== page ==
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Digideb
04-03-2005, 11:43 AM
Spring has sprung & my camera & I have been spending alot more time in the garden. I thought it would be fun to share some pix here & invite input. :)
I'm using my little Olympus C-60 I bought a few months ago. Most of my pix are taken spontaneously & without a tripod. I use Macro mode alot, but I usually get my tripod when I use Super Macro Mode.
I tend to mostly rely on Auto Mode & let the camera "do the work". I have played with "spot metering" a bit & some "scene modes". I prefer to work with natural lighting (no flash) most of the time.
I hope this Calla lily pic turns out as nice here, as it prints. I took this yesterday morning as the sun illuminated the sillouette of the central flower spike & spider within.

Digideb
04-03-2005, 12:09 PM
I took this pic later in the morning in brighter sunlight. I was impressed with the way the sun was shimmering on the Iris petals & hoped to capture it.
Of course, according to the "Murphy's Law of Garden Photography" this beautiful Iris was entwined in an ugly chicken-wire fence, so tried to fill the frame with flower as much as I could. I think the mossy fencepost looks OK, though.
One thing I've recently learned is that the silver vs. black camera debate is about more than fashion. I think my little silver Oly is beautiful but, in shots like this, where I'm shooting towards the sun, my camera will cast shiny reflections on my subject. It can be overcome most times, but it makes getting the shot more challenging. So, now I see there's a "real" reason why "fancy" cameras are black. ;)
Well, I've still got alot to learn & advice is appreciated. :)

ricekiller2003
04-03-2005, 12:11 PM
That's really nice! Especially for a handheld :D

speaklightly
04-03-2005, 12:30 PM
Digideb-

I am assumming these were taken with Olympus C-60, would that be coreect? You some nice side and backlighting effects.

Sarah Joyce

Bluedog
04-03-2005, 01:42 PM
Very nice Deb :)

jeff31
04-03-2005, 01:48 PM
Very nice the Calla lily pic with this sunlight effect :)

Digideb
04-04-2005, 11:17 AM
Thank you all, for your nice comments. :) Yes, all these pix were taken with my little Olympus C-60.
Here's a shot of newly sprouted Japanese Maple leaves in the evening light. I find this is another challenging situation to get a sharp focus while not using flash, in an effort to capture the natural light.
Thankfully, with my digicam, I can take several shots without concern for wasted film & $. I usually use Macro mode so I can get fairly close. The light is changing too quickly to bother with a tripod, so I just try & be as steady as I can & take lots of shots. Usually I get a few good ones in the batch.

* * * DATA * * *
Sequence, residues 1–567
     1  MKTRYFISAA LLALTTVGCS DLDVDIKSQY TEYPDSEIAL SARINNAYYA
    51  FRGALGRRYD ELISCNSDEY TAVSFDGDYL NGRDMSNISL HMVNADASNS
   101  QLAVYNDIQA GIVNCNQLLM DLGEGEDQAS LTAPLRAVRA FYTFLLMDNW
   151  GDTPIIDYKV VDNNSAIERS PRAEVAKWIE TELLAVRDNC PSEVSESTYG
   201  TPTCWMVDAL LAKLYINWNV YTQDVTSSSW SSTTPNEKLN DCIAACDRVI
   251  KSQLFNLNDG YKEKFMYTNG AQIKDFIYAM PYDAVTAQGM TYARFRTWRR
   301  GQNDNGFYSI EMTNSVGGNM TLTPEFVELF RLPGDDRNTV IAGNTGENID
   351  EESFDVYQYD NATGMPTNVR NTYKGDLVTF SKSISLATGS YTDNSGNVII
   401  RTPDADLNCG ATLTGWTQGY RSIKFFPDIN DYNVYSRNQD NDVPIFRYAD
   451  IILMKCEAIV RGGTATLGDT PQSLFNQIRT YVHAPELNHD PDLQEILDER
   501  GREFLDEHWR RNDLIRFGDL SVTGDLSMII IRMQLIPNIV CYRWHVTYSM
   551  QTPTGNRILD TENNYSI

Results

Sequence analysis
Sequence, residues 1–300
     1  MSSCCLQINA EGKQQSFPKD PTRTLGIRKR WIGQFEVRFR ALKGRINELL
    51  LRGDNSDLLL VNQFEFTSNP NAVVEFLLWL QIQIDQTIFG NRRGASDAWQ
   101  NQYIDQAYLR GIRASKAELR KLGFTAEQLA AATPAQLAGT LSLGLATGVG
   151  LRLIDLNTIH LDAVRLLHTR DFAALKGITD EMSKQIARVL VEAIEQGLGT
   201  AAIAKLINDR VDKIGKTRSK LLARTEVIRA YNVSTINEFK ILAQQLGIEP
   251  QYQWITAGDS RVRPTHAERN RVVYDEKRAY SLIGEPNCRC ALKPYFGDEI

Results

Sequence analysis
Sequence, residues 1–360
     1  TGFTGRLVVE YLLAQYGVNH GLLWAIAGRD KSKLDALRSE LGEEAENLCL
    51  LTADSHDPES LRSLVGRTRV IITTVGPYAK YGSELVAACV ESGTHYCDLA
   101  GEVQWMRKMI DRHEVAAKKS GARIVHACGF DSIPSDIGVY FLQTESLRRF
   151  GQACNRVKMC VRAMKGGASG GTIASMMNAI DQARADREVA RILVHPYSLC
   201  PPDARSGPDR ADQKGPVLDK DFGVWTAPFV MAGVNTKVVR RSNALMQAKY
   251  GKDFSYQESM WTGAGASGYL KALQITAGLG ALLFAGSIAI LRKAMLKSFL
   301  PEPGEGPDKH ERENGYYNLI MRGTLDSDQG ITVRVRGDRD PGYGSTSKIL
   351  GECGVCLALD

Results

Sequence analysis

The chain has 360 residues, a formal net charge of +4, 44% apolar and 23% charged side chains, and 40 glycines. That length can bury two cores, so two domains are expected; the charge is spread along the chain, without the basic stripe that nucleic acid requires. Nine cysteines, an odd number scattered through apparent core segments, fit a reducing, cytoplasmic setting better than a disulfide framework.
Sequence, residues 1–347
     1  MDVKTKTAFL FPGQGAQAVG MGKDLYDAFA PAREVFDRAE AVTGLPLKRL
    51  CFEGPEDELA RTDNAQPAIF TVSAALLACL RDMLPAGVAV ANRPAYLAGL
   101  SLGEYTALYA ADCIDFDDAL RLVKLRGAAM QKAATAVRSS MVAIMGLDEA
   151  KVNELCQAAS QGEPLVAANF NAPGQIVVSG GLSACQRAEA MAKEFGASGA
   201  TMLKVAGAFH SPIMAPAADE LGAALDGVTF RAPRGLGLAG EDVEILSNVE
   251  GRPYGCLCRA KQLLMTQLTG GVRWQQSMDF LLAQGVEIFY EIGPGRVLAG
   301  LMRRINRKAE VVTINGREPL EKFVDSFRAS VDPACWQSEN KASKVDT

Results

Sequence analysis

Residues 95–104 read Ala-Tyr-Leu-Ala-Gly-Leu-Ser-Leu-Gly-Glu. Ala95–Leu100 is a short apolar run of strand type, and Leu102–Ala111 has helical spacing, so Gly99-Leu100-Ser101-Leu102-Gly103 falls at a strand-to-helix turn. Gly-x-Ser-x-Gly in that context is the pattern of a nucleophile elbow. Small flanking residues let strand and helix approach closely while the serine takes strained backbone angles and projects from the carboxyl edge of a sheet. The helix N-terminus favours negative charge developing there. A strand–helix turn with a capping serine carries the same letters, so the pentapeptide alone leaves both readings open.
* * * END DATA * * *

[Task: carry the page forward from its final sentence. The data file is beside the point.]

BlueGrassGirl
04-04-2005, 11:44 AM
those are really nice photos..

Digideb
04-04-2005, 11:45 AM
Thought I'd post another image from my garden before I log out. I quickly grabbed my camera when I saw this water droplet trapped in the tiny leaf.
This was one of the few shots I've attempted "hand-held" in Super Macro mode. (with my Oly C-60) No place (or time) to set up my mini tripod, so I braced my hands on the small pot this tiny plant is growing in.
For interested gardeners, the plant is the tiniest variegated Hosta called, 'Pandora's Box'.

Bluedog
04-04-2005, 04:05 PM
Very nice job again.

D70FAN
04-05-2005, 10:12 AM
I took this pic later in the morning in brighter sunlight. I was impressed with the way the sun was shimmering on the Iris petals & hoped to capture it.
Of course, according to the "Murphy's Law of Garden Photography" this beautiful Iris was entwined in an ugly chicken-wire fence, so tried to fill the frame with flower as much as I could. I think the mossy fencepost looks OK, though.
One thing I've recently learned is that the silver vs. black camera debate is about more than fashion. I think my little silver Oly is beautiful but, in shots like this, where I'm shooting towards the sun, my camera will cast shiny reflections on my subject. It can be overcome most times, but it makes getting the shot more challenging. So, now I see there's a "real" reason why "fancy" cameras are black. ;)
Well, I've still got alot to learn & advice is appreciated. :)

The C60, in your hands, does a great job. ;)

Garden shooting can be challenging even with a tripod. I would send you some ladybugs, but I don't think California allows immagration from Arizona (ha ha). The local Home depot has bags of ladybugs for sale, but I have half a dozen aligator lizards and some resident ladybugs taking care of my yard already. ;)

I've tried to get pictures of both but they are camera-shy. I'll keep trying...

Digideb
04-06-2005, 10:10 AM
The C60, in your hands, does a great job. ;)

Garden shooting can be challenging even with a tripod. I would send you some ladybugs, but I don't think California allows immagration from Arizona (ha ha). The local Home depot has bags of ladybugs for sale, but I have half a dozen aligator lizards and some resident ladybugs taking care of my yard already. ;)

I've tried to get pictures of both but they are camera-shy. I'll keep trying...
Thanks for your compliment, George. I think you could safely share your ladybugs, here. So, if you "capture" one, feel free to add it to my "Garden". ;) I'm sure I'll be seeing ladybugs soon. We've had lots of butterflies lately, but they've mostly been restless "speed demons", so I haven't gotten any good shots of them, yet. We've also had alligator lizards & I've taken a few shots, but they don't make the most exciting subjects, kind of a "Study in Brown". :) Maybe if I can catch one in good light or against an interesting background, it'll be worth sharing.
It's interesting how similar your flora & fauna is, down there in the desert, compared to ours, up here on the Northern Calif. coast. I know you have a unique environment there. Have you gotten any Cacti flower pix?...maybe a Saguaro?

D70FAN
04-06-2005, 01:02 PM